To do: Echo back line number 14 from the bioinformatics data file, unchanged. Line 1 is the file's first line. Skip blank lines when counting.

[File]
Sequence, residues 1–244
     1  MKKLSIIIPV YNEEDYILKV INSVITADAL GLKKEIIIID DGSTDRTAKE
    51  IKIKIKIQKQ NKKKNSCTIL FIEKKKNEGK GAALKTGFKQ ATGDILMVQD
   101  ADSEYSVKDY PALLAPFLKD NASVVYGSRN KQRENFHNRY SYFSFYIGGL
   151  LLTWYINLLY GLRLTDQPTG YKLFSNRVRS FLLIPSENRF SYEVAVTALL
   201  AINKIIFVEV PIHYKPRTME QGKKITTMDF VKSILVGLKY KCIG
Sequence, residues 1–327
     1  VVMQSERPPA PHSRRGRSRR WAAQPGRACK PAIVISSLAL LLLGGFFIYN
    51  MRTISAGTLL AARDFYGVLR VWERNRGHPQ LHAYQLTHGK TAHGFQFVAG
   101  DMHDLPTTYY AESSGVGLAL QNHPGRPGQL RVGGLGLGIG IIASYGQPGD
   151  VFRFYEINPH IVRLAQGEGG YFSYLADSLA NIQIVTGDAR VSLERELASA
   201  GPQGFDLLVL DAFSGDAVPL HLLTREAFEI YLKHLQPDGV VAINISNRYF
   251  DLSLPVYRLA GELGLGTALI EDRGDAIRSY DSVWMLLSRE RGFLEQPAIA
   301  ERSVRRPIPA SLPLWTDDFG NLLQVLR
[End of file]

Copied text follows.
   301  ERSVRRPIPA SLPLWTDDFG NLLQVLR